In Japan, the June 1, 1984 issue of Game Machine listed VS. Baseball as the most successful table arcade cabinet of the month.[11] It again topped the Game Machine table arcade game chart in July 1984.[12] In the United States, Vs. Baseball topped the arcade software conversion kit charts of RePlay (September[13] to November 1984)[14] and Play Meter (October to November 1984).[15] In Japan, 2.35 million copies were sold for Famicom.[16]

In 2007, IGN gave Baseball a 5.5 out of 10, noting its depth of pitching, its two-player support, "its still-intact sense of fun", and its important place in Nintendo's history. The review said that the 1985 test market launch of the Nintendo Entertainment System had "heavily relied upon" Baseball, due to the globally recognizable status of the sport. The review summarized that "the NES came out a winner—thanks, in part, to Baseball".[9]

In 2006, GameSpot gave Baseball a 4.2 out of 10, stating that while it was easy to play, the "bare-bones" replica of the sport "hasn't withstood the test of time".[10]

The game was a significant source of inspiration for Namco's Pro Baseball: Family Stadium.[17]


  1. ^ Japanese: ベースボール, Hepburn: Bēsubōru


  1. ^ a b Kohler, Chris. "Miyamoto Spills Donkey Kong's Darkest Secrets, 35 Years Later". Wired. Retrieved October 17, 2016. CS1 maint: discouraged parameter (link)
  2. ^ "The Vs. Challenge". RePlay. Vol. 11 no. 3. December 1985. p. 5.
  3. ^ Horowitz, Ken (August 6, 2020). Beyond Donkey Kong: A History of Nintendo Arcade Games. McFarland & Company. p. 132. ISBN 978-1-4766-8420-8.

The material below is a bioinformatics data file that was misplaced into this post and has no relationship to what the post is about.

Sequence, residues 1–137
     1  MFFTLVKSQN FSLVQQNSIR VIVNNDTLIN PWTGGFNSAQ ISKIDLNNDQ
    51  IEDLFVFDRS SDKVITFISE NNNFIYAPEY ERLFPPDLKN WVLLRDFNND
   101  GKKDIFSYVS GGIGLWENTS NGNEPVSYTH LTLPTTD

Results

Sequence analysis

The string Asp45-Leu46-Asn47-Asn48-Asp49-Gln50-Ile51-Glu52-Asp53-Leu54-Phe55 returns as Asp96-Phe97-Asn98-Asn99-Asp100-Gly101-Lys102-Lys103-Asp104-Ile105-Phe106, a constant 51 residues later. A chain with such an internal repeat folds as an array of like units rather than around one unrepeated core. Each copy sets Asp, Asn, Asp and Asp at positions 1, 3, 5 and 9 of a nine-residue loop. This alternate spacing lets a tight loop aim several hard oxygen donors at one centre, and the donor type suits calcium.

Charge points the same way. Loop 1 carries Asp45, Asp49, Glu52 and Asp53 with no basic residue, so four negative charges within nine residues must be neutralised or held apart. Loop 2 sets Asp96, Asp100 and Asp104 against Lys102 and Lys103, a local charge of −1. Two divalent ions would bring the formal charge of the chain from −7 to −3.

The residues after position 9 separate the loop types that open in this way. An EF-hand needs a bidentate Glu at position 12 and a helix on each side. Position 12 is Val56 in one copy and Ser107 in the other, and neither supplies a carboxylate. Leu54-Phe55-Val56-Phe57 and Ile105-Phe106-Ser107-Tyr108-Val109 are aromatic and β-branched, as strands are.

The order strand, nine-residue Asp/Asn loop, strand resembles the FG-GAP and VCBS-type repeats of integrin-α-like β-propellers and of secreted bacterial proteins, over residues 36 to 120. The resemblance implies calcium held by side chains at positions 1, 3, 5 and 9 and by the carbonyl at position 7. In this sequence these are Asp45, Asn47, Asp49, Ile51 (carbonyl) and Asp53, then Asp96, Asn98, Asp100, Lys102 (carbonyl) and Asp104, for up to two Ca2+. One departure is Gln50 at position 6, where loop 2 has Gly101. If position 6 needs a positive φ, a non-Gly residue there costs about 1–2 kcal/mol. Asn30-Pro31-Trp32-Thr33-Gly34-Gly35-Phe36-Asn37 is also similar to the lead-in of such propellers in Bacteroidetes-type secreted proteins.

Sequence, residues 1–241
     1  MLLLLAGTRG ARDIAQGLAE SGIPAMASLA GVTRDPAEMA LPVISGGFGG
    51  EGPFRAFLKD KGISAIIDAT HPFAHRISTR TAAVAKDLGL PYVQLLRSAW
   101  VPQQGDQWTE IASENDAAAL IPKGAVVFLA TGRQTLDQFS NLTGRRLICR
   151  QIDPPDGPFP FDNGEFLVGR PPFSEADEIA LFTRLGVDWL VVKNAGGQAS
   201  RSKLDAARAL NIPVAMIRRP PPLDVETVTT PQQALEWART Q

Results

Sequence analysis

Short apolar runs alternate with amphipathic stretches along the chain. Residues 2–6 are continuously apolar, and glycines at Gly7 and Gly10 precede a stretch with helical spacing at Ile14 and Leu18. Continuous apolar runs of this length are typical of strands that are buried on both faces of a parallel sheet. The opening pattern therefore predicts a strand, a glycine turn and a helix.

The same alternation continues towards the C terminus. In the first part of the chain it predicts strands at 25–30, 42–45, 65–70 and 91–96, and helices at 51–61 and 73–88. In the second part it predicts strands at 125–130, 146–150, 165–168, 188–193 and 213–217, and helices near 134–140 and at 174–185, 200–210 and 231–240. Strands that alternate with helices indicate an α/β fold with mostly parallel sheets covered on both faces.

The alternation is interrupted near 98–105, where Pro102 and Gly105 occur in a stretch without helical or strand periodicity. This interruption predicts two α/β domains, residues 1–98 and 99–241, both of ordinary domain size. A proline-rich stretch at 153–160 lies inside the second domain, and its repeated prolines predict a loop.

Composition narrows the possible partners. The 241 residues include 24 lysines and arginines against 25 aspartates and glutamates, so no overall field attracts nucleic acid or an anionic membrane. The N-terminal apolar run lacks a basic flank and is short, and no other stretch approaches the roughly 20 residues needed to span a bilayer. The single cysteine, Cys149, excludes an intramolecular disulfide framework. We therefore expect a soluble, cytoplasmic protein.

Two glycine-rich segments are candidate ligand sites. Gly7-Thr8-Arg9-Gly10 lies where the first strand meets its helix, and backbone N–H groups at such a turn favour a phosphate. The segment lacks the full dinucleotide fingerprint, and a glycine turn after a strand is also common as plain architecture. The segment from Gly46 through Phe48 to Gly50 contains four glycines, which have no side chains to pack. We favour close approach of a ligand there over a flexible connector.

4. ^ Akagi, Masumi (October 13, 2006). アーケードTVゲームリスト国内•海外編(1971-2005) [Arcade TV Game List: Domestic • Overseas Edition (1971-2005)] (in Japanese). Japan: Amusement News Agency. p. 57. ISBN 978-4990251215.
  5. ^ White, Dave (July 1989). "Electronic Gaming Monthly". Electronic Gaming Monthly. No. 3. p. 68.
  6. ^ Cornelius, Dylan (April 21, 2020). "Baseball (Famicom, 1983)". Retro Gaming Archive. Retrieved March 7, 2021.
  7. ^ Matt (March 28, 2020). "All 30 Black Box Nes Games Guide (Including Pricing)". MCMROSE. Retrieved March 7, 2021.
  8. ^ "NES Game List (Europe) | NinDB". Retrieved March 7, 2021.
  9. ^ a b c d Thomas, Lucas M. (January 16, 2007). "Baseball VC Review". IGN. Retrieved July 2, 2015. CS1 maint: discouraged parameter (link)
  10. ^ a b Thomas, Aaron (January 4, 2007). "Baseball Review". GameSpot. Retrieved December 13, 2013. CS1 maint: discouraged parameter (link)
  11. ^ "Game Machine's Best Hit Games 25 - テーブル型TVゲーム機 (Table Videos)". Game Machine (in Japanese). No. 237. Amusement Press, Inc. June 1, 1984. p. 29.
  12. ^ "Best Hit Games 25" (PDF). Game Machine (in Japanese). No. 239. Amusement Press, Inc. July 1, 1984. p. 25.
  13. ^ "RePlay: The Players' Choice". RePlay. September 1984.
  14. ^ "RePlay: The Players' Choice". RePlay. November 1984.
  15. ^ "National Play Meter". Play Meter. Vol. 10 no. 21. November 15, 1984. pp. 28–9.
  16. ^ "Japan Platinum Game Chart". The Magic Box. Retrieved March 30, 2021. CS1 maint: discouraged parameter (link)
  17. ^ Szczepaniak, John (August 11, 2014). The Untold History of Japanese Game Developers (First ed.). p. 363. ISBN 978-0992926007.